I'm sorry to say that this sentence (using に) is not grammatically correct. に is a particle that indicates:
- Direction of movement.
- Place of existence
- Result of Change
- Object of a verb
- Source (of a verb)
- Specific time
- The Japanese equivalent of the English 'per' (as in 'three meals per day')
You can read more about the に particle at this source, but for now I will focus on why this particular usage is not grammatically correct. So let's break it down real quick.
君の -- Your
出身地 -- birthplace
に -- ? (I don't know what this could be here since it is not grammatically correct)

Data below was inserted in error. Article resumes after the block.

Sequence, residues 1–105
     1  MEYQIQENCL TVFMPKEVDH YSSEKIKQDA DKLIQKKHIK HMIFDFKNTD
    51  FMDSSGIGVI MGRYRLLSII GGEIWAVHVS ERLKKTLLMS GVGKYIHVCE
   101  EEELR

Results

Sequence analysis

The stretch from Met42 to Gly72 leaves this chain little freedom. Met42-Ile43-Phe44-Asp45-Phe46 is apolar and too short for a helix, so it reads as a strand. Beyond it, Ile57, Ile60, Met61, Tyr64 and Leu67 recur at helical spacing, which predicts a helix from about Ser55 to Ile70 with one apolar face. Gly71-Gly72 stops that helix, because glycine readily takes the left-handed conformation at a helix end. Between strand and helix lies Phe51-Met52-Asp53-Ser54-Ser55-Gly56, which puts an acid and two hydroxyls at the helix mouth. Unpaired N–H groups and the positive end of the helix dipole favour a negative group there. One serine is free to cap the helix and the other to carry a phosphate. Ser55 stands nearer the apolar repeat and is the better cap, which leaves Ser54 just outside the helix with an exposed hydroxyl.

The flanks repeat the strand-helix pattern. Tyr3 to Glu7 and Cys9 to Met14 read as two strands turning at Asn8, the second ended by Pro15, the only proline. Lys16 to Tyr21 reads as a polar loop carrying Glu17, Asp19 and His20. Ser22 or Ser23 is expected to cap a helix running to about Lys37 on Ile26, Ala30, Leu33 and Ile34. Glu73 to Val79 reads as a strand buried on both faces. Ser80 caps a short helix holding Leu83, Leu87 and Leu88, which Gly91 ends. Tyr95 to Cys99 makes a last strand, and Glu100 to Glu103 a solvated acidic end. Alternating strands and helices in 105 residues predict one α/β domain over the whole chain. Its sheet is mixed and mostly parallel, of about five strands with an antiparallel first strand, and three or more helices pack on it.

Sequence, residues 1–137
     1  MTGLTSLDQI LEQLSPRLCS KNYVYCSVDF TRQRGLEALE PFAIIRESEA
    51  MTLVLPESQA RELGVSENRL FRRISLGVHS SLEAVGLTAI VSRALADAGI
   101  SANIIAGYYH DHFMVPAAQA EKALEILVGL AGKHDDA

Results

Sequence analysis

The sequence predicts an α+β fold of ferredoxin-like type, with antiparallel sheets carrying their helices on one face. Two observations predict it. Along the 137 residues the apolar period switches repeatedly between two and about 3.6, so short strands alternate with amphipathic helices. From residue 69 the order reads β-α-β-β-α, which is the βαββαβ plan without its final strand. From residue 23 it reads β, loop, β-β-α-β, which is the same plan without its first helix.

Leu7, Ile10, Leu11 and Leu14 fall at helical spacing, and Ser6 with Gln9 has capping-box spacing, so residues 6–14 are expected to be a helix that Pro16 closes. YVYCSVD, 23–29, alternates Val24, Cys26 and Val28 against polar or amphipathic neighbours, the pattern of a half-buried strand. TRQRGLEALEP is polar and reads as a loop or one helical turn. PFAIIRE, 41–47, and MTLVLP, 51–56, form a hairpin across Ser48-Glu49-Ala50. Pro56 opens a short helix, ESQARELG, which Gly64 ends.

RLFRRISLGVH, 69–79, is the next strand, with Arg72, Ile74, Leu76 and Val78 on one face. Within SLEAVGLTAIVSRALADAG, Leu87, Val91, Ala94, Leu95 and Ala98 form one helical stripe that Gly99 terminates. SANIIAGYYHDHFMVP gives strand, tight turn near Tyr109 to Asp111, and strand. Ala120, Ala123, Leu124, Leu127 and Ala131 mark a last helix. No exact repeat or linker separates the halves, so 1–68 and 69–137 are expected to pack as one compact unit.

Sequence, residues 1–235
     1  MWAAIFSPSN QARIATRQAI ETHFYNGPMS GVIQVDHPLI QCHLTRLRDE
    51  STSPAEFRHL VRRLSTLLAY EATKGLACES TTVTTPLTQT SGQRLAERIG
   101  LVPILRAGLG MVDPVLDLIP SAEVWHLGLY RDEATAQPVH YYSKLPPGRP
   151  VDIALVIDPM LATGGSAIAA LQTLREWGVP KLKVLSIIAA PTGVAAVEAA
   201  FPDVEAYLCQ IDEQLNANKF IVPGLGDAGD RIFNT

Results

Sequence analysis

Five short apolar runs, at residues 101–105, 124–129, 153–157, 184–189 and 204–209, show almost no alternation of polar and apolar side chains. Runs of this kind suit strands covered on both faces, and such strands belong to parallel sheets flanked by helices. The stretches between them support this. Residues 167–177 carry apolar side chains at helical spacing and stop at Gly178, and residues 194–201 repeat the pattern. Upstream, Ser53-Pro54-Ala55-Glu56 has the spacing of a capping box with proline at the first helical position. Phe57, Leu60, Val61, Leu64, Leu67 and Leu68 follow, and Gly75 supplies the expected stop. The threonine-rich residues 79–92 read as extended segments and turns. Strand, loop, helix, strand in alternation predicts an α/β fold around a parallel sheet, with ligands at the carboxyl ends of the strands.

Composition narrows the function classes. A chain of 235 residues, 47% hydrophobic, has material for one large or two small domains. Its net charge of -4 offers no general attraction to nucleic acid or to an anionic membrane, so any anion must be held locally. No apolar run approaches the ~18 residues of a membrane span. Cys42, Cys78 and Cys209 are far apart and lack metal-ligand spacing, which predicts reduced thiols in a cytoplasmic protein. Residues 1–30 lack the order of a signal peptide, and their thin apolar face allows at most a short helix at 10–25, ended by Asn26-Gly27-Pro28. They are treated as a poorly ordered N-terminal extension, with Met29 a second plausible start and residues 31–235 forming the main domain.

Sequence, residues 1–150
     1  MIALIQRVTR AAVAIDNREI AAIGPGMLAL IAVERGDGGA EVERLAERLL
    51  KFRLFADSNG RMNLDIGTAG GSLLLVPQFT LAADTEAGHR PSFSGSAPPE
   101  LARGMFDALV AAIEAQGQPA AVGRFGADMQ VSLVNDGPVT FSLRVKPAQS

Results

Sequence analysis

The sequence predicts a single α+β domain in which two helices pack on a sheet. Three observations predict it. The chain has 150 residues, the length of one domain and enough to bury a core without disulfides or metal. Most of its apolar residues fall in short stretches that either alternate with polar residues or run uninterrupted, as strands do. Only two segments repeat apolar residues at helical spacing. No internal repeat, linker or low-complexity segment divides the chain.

どこ -- where
が -- topic marker (this is another grammar mistake)
ありますか -- does it exist?
Breaking it down, we can see that 出身地 should actually be the subject of the sentence marked by は. Further, because どこ is not a topic in this sentence, but rather a place of existence, I would replace it with に, making the end result:
But this still feels clunky to me because using the existence verb ある in this case is too repetitive. The birthplace exists because you exist, so why question its existence? It would sound much more natural as:
Which is your first sentence.
So to answer your first question, the difference is that the second of your two examples is not grammatically correct, while the first one is.
The answer to your second question is simply that に and は are not interchangeable. The source I listed above (and here) shows particles that can be exchanged with に, and in what circumstances it is allowable. You will note that は is not one of them.